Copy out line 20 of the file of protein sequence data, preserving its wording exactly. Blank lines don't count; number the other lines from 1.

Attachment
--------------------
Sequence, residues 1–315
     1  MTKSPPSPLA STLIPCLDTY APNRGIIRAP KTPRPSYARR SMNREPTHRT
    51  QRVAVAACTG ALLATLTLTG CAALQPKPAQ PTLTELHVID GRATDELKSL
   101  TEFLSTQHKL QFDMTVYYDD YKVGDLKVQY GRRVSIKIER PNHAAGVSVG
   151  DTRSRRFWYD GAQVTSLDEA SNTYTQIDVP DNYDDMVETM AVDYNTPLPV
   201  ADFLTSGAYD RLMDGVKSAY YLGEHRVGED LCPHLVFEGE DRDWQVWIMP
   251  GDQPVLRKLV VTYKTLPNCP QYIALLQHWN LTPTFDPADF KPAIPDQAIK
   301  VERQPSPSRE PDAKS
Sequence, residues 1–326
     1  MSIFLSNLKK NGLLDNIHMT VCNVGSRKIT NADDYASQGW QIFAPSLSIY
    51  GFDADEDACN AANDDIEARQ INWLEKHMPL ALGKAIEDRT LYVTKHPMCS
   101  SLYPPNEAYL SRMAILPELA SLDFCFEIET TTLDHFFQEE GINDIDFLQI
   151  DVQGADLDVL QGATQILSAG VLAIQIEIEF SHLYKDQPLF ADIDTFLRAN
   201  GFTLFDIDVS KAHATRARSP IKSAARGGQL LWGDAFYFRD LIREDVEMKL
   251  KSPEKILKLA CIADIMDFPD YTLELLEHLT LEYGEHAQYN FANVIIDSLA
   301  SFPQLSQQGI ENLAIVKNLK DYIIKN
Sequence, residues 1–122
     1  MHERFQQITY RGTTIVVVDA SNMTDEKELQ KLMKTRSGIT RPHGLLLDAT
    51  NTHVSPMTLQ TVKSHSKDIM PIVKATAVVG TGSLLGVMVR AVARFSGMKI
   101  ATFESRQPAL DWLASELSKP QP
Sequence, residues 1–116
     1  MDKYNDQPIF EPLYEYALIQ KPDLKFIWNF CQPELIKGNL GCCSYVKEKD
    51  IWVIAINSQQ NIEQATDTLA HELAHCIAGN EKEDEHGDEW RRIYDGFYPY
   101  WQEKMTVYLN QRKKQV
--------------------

   101  ATFESRQPAL DWLASELSKP QP